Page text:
The Efficiency Paradox
Eleanor M. Fox
New York University School of Law
July 8, 2009
HOW THE CHICAGO SCHOOL OVERSHOT THE MARK: THE EFFECT OF CONSERVATIVE ECONOMIC ANALYSIS ON U.S. ANTITRUST, R. Pitofsky, ed., Oxford, p. 77, 2008
NYU Law and Economics Research Paper No. 09-26
The article assumes arguendo that efficiency is the sole goal of antitrust. It then observes that how to achieve efficiency by applications of antitrust law is not obvious; that there are various routes towards attempting to achieve efficiency, and Chicago School advocates have picked one based on a principle of non-intervention rather than one based on a principle of trust in rivalry and open markets. The article shows how application of the non-intervention principle protects dominant firms from the competition of their rivals and in that connection deprives the market of efficiencies. Robert Bork argued in THE ANTITRUST PARADOX: in the name of competition, antitrust harmed competition. Professor Fox now argues: in the name of efficiency, conservative advocates and jurists harm efficiency. This is The Efficiency Paradox of her title.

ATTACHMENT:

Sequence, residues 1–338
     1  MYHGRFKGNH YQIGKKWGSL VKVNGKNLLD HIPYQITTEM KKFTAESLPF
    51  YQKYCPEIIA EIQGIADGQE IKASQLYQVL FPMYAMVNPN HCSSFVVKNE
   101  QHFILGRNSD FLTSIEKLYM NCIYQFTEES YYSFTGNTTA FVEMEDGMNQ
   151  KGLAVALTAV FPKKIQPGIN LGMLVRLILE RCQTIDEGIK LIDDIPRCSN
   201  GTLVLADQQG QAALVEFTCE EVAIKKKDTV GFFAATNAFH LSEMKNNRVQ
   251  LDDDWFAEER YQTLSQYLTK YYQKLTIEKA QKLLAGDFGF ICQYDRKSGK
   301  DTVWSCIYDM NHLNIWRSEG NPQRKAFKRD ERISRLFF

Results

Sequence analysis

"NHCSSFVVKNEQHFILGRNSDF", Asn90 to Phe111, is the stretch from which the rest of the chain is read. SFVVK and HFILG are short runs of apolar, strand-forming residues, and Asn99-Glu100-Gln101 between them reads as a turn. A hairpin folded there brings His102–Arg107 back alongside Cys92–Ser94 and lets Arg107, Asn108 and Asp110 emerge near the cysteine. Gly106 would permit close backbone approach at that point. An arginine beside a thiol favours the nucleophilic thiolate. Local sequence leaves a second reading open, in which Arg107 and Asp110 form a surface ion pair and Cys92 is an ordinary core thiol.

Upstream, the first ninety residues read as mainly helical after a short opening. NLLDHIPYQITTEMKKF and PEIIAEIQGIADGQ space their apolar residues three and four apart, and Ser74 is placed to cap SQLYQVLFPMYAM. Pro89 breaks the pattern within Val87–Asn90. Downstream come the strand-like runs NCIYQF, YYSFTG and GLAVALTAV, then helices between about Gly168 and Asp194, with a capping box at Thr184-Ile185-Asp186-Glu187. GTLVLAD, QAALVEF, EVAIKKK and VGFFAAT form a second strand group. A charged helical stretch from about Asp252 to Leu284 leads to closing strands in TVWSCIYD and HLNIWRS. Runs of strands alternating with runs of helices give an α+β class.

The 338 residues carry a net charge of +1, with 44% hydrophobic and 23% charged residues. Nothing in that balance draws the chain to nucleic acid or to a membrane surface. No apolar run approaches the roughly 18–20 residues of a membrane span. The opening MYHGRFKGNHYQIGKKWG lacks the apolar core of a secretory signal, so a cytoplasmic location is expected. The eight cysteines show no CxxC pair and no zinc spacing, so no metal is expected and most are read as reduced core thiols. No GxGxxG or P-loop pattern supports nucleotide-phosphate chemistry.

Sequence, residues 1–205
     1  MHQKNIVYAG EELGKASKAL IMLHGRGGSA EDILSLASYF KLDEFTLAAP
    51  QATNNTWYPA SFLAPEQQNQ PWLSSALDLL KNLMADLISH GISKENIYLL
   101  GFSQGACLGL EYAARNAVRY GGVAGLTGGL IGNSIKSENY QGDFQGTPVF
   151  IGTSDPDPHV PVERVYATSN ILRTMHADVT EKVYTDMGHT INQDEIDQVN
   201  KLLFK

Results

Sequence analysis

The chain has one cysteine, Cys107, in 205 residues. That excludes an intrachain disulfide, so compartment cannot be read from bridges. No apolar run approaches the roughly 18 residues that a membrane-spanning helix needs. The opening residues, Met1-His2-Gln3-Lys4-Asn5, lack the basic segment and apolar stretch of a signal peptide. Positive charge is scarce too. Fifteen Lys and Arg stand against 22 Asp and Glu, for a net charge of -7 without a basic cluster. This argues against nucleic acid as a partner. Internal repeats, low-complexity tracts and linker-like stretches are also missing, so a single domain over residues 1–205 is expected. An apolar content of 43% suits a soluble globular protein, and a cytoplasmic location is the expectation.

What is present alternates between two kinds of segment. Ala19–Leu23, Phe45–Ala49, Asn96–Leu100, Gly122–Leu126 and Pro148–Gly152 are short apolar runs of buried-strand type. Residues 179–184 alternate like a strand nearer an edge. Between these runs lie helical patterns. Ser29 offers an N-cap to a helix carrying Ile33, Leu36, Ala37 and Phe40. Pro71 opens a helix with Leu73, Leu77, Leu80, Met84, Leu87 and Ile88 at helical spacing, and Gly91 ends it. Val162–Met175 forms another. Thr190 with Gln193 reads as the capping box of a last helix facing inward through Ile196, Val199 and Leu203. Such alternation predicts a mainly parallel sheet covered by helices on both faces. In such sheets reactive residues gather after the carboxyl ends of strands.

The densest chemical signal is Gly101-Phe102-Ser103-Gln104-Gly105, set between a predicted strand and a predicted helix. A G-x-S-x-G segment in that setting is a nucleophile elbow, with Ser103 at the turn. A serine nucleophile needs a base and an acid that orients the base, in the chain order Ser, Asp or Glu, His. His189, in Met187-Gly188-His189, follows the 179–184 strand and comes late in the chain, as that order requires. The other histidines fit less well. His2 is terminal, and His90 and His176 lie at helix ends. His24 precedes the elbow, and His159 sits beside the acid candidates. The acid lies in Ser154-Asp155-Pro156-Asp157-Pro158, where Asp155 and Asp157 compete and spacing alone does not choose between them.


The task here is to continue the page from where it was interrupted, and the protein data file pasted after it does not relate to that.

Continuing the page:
Number of Pages in PDF File: 18Accepted Paper Series
Date posted: July 12, 2009
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